Am I Drunk, You Ask?

By Linda Chandanais

Am I drunk, you ask? I’ll have you know I haven’t had an ounce of liquor in over twelve —
I’m as sober as a field mouse on its way to a bar mitzvah.
You’ve never heard that before. Really?
You’re right, last night I had quite a snootful but — hey, were you there?
Oh— you’re the bartender.
I’ve not gone this long without drinking since I was twenty when I abstained for thirty hours.
Oh, wait. I was thirty, and it was twenty hours.
Anyway, I’m proud of myself.
This deserves a celebration. Give me a shot of Jack.

Linda Chandanais writes because she “can’t stop.”

Too Late

By Catherine Harkness

Augustin, the last Frenchman
to die on Armistice Day, was
spreading the welcome message,
of ceasefire soup at noon.
The shooting stopped at eleven, though
the Treaty was signed at dawn.
No one wanted to haul
their ammunition home.
Shot on 11th November,
his ceasefire came too late.

Flora Buchanan was ninety, and
died on New Year’s Eve.
She cared for her Tom, with dementia,
they shielded all year alone.
Exhausted by the winter,
she accepted care for Tom.
An early Christmas present,
the virus took its chance.
The shot in the arm was December.
Her vaccine was too late.

“I write to make sense of my thoughts and experiences.” – the writer

First Contact

By David Berger

The silvery disc-shaped ship landed exactly where a rational space-going race would land their ship: on the mall in Washington, DC. A slim, silvery robot emerged from the ship. Every satellite, probe, listening device, etc., available was immediately focused on this humanoid.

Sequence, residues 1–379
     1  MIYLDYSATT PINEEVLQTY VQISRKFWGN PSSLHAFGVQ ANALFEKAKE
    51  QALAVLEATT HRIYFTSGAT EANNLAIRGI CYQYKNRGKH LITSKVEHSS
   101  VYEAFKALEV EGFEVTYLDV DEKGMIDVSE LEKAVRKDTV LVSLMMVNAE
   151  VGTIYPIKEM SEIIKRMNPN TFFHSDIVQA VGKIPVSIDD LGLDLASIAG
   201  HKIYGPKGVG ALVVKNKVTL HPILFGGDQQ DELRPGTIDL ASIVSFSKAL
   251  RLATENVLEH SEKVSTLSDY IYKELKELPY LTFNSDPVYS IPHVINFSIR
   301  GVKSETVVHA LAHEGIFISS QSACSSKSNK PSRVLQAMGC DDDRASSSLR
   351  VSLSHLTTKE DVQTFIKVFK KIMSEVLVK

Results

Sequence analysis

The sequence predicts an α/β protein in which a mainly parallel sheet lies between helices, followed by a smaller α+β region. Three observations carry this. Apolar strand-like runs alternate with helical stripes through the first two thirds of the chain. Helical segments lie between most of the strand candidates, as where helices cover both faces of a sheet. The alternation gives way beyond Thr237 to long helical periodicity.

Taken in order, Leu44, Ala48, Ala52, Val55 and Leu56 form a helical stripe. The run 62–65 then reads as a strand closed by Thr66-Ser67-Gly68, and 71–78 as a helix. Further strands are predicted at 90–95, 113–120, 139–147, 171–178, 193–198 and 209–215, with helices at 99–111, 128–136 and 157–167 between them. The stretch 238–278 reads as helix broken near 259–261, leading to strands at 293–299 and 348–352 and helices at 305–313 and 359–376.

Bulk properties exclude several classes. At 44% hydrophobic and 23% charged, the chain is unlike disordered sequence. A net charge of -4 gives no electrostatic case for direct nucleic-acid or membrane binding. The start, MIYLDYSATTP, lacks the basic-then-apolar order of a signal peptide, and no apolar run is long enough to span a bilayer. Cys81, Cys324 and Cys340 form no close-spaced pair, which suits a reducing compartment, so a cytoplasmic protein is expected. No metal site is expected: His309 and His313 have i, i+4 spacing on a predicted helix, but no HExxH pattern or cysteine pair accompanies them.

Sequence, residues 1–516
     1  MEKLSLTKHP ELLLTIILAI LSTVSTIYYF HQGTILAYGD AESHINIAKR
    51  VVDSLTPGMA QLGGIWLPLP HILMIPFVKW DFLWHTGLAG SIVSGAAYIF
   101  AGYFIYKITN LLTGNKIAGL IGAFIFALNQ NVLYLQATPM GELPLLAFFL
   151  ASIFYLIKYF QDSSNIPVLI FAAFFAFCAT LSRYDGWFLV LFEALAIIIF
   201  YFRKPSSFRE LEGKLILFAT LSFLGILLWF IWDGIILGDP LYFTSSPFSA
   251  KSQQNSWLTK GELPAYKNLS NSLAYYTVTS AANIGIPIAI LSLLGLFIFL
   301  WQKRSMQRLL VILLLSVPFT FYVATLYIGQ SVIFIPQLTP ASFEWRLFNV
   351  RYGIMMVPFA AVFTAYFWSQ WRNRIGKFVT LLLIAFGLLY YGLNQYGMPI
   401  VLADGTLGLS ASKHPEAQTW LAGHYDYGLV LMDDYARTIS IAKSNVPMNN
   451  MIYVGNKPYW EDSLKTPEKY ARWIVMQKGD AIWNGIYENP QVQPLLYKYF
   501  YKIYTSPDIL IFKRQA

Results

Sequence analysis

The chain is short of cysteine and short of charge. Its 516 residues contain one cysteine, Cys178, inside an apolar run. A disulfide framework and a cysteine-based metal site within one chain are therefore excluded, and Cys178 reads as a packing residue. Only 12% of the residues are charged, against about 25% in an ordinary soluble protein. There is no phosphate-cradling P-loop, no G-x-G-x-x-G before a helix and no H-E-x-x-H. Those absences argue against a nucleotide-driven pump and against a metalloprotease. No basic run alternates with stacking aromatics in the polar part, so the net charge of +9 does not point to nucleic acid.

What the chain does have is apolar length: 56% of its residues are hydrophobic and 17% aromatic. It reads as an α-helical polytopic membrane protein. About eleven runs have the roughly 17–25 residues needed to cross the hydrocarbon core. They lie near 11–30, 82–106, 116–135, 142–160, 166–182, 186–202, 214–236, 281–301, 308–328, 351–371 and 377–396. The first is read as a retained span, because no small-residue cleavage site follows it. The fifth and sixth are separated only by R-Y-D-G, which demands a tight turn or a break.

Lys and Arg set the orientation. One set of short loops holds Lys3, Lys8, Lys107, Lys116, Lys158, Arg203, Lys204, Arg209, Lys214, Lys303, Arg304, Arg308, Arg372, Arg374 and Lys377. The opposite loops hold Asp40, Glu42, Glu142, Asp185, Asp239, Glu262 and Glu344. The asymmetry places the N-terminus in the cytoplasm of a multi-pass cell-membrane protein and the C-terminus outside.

Within minutes, a huge, metallic-grey Warbot had plodded from the Pentagon to the Mall, where the robot was standing next to its ship. When the Warbot came within ten meters of the obviously alien creature, the silvery skin of the newcomer began to flash with a dazzling rainbow of colors.

“Nice colors,” the Warbot rumbled.

“Oh, this old system!”

“I write to express myself as a social being and as an individual.” – the writer

Church on Sunday

By John Goodacre

On Sunday I always go to church, with the prayer book aunt Edith gave me all of seventy years ago. I’m in my Sunday clothes and hat waiting for my sister to fetch me.
The others in this home don’t go to church, poor dears. Don’t know what they’re missing.
The nurse comes in with my pills.
‘You look nice today.’
‘It’s Sunday. I’m going to church.
‘Oh yes, dear. And how do you get there?’
‘My sister Alice fetches me.’
Why does the stupid girl have to say ‘Oh dear, you still don’t remember. Alice died nine years ago’?

“I try to write the interesting lives of my family; but my own life intervenes.” – the writer

My Moon

By Cheryl Bennett

Driving, driving, driving.
Heading to my son. Deep breath.
Should be good.
Hope he’s sleeping, hope he’s … I just hope.
In a bed where the sofa was.
He was robbed. Job, manhood, body, dignity, future,
All gone.
Nurse is here.
Remembering his text, few years back. Best autocorrect ever.
“I love you moon.” Not Mom.
Filled with silent screams. I approached his side like every day for over a year now. I stroked his head, put a smile on and said, “I love you my moon.” He managed a weak pain-ridden smile, “I love you my moon.”
I miss him.

“I haven’t been writing. I just thought this clip of my life would be therapeutic for me.” – the writer


By Jeff Hill

There she is
She’s the daughter of a diplomat